Essay on Othello – Racism Expressed in Words

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Othello – Racism Expressed in Words

The Bard of Avon’s tragic play Othello expresses racism; there is no doubt about this among most critics. However, to what degree – to a vulgar extent? Or to an excusable level?

In her book, Everybody’s Shakespeare: Reflections Chiefly on the Tragedies, Maynard Mack comments on the audience’s reaction to the black-white union in the play:

That a beautiful Venetian girl should fall in love with “a veritable negro” seemed to many implausible, in fact “monstrous.” The words are Coleridge’s, but the sentiment was widely shared and, on the nineteenth-century stage, was increasingly taken into account by “orientalizing” the hero, making him appear to be what one of the
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From the ugly start of the play, Othello and Desdemona have to prove the worth of their love in the face of preset attitudes against miscegenation. (218)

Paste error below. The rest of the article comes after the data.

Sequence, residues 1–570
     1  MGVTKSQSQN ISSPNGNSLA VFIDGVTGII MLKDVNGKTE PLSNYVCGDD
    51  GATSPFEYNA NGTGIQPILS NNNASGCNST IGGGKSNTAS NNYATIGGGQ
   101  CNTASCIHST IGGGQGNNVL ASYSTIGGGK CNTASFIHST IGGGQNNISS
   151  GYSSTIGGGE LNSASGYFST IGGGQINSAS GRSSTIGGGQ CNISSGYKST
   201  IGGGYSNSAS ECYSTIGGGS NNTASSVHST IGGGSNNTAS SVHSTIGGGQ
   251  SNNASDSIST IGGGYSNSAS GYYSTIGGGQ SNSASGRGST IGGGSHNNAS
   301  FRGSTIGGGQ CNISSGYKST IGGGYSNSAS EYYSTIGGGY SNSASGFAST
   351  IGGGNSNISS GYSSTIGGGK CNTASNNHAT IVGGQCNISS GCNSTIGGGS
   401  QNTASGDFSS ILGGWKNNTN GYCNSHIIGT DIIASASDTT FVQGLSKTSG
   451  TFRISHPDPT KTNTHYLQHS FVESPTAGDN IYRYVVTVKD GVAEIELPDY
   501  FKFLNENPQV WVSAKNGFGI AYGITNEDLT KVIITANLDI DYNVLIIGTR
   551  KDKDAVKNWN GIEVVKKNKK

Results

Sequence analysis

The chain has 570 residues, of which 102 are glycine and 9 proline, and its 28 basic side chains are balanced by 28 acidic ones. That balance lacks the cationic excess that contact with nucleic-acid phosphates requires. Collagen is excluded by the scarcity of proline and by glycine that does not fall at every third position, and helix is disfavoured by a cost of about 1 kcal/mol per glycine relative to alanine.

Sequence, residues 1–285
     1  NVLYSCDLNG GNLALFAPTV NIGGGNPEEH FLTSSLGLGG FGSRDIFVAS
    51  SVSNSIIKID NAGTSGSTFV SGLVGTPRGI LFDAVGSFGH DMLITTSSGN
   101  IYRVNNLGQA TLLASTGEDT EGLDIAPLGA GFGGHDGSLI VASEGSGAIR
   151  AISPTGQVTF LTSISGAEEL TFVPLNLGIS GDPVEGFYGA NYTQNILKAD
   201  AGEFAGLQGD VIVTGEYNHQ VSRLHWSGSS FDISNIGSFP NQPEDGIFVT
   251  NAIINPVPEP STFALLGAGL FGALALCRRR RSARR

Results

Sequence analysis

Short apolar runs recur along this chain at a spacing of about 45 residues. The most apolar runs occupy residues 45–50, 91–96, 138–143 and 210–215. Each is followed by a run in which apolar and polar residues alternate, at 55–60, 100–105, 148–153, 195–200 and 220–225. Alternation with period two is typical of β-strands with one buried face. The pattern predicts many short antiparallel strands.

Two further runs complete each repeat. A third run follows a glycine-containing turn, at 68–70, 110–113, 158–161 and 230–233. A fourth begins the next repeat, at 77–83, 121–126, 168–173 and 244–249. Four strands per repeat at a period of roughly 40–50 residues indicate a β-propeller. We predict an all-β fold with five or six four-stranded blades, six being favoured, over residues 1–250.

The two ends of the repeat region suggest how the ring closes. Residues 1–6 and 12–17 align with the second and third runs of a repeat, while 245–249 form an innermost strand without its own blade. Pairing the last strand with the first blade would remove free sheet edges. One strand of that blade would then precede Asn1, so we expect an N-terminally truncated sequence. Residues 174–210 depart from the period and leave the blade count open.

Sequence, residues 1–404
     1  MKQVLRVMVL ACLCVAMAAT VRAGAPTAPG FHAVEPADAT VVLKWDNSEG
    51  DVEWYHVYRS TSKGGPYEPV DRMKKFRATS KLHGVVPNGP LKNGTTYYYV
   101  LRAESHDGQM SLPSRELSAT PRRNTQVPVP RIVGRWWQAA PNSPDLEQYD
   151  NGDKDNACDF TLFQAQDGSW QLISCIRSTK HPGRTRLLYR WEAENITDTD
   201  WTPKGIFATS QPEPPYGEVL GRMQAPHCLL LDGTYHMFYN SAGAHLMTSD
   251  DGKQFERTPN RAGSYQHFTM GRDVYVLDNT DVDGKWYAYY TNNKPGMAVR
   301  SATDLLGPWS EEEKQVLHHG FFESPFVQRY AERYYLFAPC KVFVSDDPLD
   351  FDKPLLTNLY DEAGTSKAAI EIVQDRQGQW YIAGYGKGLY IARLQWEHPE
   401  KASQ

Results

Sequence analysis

When, by loud shouting, Brabantio is awakened, Iago commences with a series of racial epithets:

[. . .]

Even now, now, very now, an old black ram

Is topping your white ewe. Arise, arise;

Awake the snorting citizens with the bell,

Or else the devil will make a grandsire of you:

Arise, I say. (1.1)

The phrase old black ram and the word devil both make reference in an offensive manner to dark skin color. The allusion to white ewe has the effect of putting Othello’s darkness into sharp contrast. A few lines later Iago once again turns his invective fully on Othello with three stinging racial epithets:

'Zounds, sir, you are one of those that will not

serve God, if the devil bid you. Because we come to

do you service and you think we are ruffians, you'll

have your daughter covered with a Barbary horse;

you'll have your nephews neigh to you; you'll have

coursers for cousins and gennets for germans. (1.1)

The words devil, Barbary horse, and gennet (a dark-colored Spanish horse) all use race at the expense of the hero of the drama. And then Roderigo chimes in, stating that Desdemona has gone “To the gross clasps of a lascivious Moor” and “made a gross revolt.” The repeated
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